This time last year, Chris Chuzles (second from left) was preparing to say goodbye to Disguised As Birds, the decade-old Milwaukee rock band he fronted. Not longer after the release of the band’s outstanding swan song EP We Buy Gold was released in January of this year, the newly-bandless singer found himself in another blistering, balls-out rock ‘n’ roll outfit. Now more than six months into his Hot Coffin tenure (and before the band’s show at Cactus Club Saturday), Milwaukee Record asked Chuzles about the response to early shows, songwriting progress, and what it’s like to sing for his “favorite band.”

Milwaukee Record: You told us in April that you guys had three songs and the writing process was “unbelievably fast.” How does the writing process and band dynamic differ from Disguised As Birds?

Chris Chuzles: The writing process in Hot Coffin is really no different from Disguised as Birds. All about riffs. Then jams. Then vocal parts. Vocals have been the last element in every band I’ve ever played in. At the risk of sounding extremely lazy, I usually sit out on a new song the first couple of weeks that it’s coming together. I guess I’d rather be the glue that holds everything together in the end.

MR: How many songs have you written since?

CC: Well, I know I said last time that our writing process was a fairly quick one. But, goddamn, this has been a pretty tremendous year, personally, for all of us. Jon [Kraft] and Joe [Kanack] have both gotten married in the last month-and-a-half. Houses have been bought. Jobs have been promoted. Expectations have been raised. These are not excuses, by any means. These are major goddamn milestones. Major life events. So to answer your question, three. And we’ll be playing two of those for the first time this Saturday at Cactus Club.

MR: Have you guys completely phased out material from the previous regime? Or are there a few songs you kept and put your own spin on?

CC: For the most part, yes. We were doing “Fire Child” and “Hold On” at the last few shows. “Rolling Bones” was the first song that I attempted to sing at my very first practice with Hot Coffin. I disappointed myself in my own performance, and we haven’t tried it since. I may have said this before, but before I joined Hot Coffin, they were my favorite band in town. As a vocalist, what drew me in the most to the band were Sean [Williamson]’s vocals. They just got their claws into me on every song. I was at their album release show in Appleton, where I got their first album. I literally had it in my car stereo for the next four months without taking it out. I learned all the words. I sang along in the car on my work commute every day. Later on, when they were without a singer and looking for a new one, it was impossible for me to say no. My favorite band? Come on! Who gets that offer? But, I knew up front that a few things would have to change vocally. “Hold On” is still in our set list for this Saturday. It’s too good of a closer to drop.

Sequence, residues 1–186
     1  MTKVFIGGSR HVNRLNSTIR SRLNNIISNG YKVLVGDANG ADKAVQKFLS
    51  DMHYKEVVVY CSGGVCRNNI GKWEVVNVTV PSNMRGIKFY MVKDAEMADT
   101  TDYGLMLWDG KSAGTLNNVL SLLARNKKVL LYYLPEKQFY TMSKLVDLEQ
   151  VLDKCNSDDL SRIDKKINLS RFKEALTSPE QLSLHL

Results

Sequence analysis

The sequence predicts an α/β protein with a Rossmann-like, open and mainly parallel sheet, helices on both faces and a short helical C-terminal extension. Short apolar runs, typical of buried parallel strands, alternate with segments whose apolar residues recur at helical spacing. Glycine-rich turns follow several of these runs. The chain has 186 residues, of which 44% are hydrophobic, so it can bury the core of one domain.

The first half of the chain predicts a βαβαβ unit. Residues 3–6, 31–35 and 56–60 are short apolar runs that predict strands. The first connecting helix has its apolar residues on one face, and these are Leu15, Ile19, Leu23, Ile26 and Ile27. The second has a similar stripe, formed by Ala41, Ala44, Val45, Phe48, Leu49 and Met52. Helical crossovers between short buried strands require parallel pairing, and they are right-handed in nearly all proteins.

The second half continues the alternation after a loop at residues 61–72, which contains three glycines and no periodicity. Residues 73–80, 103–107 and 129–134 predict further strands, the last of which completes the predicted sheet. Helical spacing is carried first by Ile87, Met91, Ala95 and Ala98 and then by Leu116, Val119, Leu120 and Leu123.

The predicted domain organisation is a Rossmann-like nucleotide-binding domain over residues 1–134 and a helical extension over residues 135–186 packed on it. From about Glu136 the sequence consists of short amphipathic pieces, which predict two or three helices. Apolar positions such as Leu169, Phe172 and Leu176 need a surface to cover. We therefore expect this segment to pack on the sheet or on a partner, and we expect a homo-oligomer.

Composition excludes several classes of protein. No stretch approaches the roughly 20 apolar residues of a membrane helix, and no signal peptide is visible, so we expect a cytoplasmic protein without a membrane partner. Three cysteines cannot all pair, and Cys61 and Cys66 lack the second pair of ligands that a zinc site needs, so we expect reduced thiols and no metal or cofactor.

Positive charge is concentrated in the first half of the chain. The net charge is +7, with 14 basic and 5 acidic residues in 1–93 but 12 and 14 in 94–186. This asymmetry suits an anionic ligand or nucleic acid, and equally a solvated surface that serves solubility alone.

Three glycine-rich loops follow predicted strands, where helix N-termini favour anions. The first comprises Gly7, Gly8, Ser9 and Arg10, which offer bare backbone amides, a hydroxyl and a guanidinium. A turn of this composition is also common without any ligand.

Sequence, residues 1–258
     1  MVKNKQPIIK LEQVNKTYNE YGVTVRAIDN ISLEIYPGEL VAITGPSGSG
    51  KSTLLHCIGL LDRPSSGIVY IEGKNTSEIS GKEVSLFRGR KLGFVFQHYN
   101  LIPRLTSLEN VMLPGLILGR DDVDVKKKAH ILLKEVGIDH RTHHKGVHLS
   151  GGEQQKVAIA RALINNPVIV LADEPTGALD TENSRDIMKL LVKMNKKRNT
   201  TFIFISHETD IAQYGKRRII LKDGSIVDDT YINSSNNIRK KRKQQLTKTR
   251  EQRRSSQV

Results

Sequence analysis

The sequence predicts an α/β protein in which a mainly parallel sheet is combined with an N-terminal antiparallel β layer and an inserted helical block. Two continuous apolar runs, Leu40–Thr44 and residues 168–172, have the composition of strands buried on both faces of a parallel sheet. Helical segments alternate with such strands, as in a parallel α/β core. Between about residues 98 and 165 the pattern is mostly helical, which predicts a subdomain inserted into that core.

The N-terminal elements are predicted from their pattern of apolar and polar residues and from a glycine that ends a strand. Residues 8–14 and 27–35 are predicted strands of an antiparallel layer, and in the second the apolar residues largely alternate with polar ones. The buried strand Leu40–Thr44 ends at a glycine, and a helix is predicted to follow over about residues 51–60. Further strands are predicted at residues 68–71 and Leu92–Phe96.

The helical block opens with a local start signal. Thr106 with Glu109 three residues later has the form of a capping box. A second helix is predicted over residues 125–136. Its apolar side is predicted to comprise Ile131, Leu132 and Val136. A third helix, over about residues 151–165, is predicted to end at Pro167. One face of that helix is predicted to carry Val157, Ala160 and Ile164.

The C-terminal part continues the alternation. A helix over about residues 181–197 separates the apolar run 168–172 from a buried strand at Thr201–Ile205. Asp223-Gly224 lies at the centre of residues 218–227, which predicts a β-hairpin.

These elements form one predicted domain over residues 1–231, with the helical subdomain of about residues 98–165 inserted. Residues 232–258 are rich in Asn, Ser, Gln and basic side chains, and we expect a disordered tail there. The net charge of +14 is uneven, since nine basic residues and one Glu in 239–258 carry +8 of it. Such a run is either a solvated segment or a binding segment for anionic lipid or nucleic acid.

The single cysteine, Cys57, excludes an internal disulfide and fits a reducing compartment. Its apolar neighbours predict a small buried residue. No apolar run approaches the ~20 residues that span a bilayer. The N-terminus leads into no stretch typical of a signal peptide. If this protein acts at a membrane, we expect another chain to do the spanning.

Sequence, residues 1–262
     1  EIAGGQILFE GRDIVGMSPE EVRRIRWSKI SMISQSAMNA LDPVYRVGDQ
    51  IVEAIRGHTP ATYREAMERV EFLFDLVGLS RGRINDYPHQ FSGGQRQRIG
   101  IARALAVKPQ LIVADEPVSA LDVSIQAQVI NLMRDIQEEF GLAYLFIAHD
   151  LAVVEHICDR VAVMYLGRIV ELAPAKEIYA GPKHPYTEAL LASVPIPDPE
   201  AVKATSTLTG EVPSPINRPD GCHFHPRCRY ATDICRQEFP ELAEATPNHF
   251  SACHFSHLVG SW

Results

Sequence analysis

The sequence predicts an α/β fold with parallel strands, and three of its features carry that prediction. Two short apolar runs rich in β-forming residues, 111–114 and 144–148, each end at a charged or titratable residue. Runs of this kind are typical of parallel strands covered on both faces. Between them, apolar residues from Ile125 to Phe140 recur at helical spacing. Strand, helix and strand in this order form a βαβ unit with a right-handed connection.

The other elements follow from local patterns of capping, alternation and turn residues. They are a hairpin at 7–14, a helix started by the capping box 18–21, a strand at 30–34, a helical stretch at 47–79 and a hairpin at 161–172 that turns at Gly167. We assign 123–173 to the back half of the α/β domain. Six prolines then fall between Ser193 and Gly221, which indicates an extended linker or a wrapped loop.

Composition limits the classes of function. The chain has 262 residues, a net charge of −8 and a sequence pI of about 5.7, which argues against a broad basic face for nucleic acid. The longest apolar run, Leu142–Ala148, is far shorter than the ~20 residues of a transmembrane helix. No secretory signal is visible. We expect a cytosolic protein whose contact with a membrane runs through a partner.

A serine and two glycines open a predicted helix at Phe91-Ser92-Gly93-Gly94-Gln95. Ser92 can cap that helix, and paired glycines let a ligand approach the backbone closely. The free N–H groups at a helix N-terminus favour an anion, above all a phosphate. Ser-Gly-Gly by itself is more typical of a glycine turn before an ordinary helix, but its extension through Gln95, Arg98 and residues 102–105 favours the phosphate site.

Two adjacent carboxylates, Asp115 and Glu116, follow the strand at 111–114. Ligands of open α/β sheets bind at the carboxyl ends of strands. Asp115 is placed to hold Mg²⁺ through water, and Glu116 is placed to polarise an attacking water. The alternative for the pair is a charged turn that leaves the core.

MR: When we last spoke to you, you had yet to play a show with Hot Coffin. In the handful of gigs you’d played in the six months or so since, how has the new material gone over live?

CC: I feel that it’s gone over great. And, we’ve been really fortunate to land some really great shows. My first show was opening for Tilts, one of my favorite bands in the country right now. It’s always kind of hard to gauge what people really think, as most of what is verbal seems to be coming from friends and acquaintances and they’re always going to say everything is great.

MR: At my very first show with Hot Coffin at Cactus Club, a very dear and honest friend approached me, saying the show was great and started describing a song that we had played that he clearly liked way more than the rest. He hummed a few bars to me, and I recognized it as one of the two “older” songs we played in our set. That’s fine. It’s a great song. We wouldn’t have played it if it wasn’t. Maybe, secretly, I would have hoped he had latched onto something new that I had written, personally. A slice of humble pie will do just fine. They are all good songs.

CC: However, when I stepped off the stage at that same show, I was approached by a man from Madison requesting me to sign a poster from that night’s show. He said he saw “great things in our future.” Mind you, that show poster featured a giant penis wearing a suit. That’s a win.

MR: What does 2015—your first full year fronting Hot Coffin—hold for the band? A record? Touring?

CC: 2015 is going to be great for us. We’re currently looking at recording with Shane Olivo in January. We started with him last spring and recorded three songs. We’re banking those three, and bundling them with some brand new ones for a full-length. We’re close. Only have a couple more songs to complete and we’re there. Touring? We’re just planning a string of out-of-town and out-of-state extended weekends right now. That’s kind of my favorite thing in this world.

Hot Coffin headlines a Cactus Club show Saturday, November 22 as part of a bill that also features Piles and Sin Bad. The show begins at 10 p.m.

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